The EPA is seeking public comment on both designs, in order to decide which to adopt.  You can leave your thoughts, comments, criticism, and suggestions here.

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By rika13 on 8/31/2010 6:12:05 AM , Rating: 2
The assigning of high marks toward fully electric and rather good ones to E85 vehicles is what Obama wants, not what is good for America. Gotta give Excelon (Ameren/ComEd in Illinois) and ADM those kickbacks or else no more contributions or plane trips.

Fully electric vehicles will put more strain on our already about ready to fall apart grid, meaning more blackouts from failure and rolling blackouts to prevent failure. This means people DIE from heat/cold/no machines (nebulizers, battery based ones that can't be charged, etc.) and others are injured. The use of E85 is already seen as a big joke since the only savings E85 provides are tax credits and when you have to return the rental car with a full tank. The more insidious thing about E85 is it raises food costs as it is made from food. This benefits agribusiness, but has been referred to as a crime against humanity by some in the UN as it raises food prices.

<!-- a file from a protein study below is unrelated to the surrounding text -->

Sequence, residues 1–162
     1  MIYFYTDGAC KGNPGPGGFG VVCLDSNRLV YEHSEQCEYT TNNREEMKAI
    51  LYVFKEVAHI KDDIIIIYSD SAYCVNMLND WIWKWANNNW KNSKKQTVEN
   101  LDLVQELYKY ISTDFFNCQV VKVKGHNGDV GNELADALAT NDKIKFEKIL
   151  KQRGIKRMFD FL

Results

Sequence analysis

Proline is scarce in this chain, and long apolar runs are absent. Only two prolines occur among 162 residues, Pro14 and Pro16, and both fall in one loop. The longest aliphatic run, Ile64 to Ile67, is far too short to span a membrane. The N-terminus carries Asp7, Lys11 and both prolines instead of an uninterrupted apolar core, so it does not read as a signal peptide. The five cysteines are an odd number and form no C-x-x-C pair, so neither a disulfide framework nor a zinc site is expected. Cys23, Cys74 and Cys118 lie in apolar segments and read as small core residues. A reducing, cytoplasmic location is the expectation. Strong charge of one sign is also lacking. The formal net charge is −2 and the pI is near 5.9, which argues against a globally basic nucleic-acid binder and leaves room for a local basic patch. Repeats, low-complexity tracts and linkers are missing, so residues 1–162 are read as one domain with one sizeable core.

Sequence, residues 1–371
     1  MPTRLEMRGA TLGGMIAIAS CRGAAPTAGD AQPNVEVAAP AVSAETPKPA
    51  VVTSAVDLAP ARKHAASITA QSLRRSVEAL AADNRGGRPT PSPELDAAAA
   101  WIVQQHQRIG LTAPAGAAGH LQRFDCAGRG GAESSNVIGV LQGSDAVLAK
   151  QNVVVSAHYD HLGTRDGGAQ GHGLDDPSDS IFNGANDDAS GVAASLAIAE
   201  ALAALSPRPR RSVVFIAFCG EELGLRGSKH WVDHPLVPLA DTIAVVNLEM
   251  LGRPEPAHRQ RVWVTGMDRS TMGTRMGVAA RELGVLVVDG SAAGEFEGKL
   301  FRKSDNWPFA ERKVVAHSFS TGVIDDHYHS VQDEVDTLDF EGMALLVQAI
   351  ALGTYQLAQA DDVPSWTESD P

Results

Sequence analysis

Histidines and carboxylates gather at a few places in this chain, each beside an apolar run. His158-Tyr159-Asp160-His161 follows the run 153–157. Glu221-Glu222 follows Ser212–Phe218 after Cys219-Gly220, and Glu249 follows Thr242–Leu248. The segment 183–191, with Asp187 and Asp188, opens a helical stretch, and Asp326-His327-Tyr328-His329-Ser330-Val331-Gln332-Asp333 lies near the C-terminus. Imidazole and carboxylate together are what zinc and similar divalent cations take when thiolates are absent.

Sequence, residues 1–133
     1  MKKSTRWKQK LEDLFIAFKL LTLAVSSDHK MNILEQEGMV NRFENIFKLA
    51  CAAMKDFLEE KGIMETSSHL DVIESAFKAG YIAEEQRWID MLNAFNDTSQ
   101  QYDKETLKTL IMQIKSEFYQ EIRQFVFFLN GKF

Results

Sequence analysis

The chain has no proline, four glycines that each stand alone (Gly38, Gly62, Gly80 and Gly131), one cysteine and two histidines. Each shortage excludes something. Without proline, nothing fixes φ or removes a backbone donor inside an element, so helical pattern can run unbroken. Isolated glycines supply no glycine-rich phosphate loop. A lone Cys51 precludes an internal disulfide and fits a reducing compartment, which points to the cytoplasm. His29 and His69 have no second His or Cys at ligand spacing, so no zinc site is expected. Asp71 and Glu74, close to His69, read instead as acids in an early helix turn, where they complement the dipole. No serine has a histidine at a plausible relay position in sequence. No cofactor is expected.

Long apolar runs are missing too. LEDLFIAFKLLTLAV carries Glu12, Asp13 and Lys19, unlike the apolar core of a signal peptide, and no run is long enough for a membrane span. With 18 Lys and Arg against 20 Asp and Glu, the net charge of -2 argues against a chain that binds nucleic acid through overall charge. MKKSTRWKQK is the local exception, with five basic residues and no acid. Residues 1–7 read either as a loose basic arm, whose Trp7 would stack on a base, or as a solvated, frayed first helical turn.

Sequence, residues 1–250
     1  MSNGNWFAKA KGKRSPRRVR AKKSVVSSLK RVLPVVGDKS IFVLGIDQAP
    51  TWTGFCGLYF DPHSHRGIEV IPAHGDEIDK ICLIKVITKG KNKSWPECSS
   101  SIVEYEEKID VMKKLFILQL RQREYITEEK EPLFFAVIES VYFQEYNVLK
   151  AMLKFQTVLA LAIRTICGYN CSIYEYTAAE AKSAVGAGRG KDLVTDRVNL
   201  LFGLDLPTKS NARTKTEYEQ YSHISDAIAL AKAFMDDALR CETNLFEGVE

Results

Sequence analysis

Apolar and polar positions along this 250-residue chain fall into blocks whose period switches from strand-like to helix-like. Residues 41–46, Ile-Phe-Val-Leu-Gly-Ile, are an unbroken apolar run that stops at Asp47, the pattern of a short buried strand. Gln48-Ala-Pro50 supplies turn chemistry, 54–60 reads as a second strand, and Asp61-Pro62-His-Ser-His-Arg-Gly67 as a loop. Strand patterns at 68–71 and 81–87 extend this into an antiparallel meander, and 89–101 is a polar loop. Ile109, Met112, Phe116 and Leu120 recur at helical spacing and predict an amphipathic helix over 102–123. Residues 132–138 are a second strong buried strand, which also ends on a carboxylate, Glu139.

Higher electric bills and higher food costs also play well with the Democrat Party's market as it KEEPS their voting bloc poor. You can't sell hope and change to people who don't need them.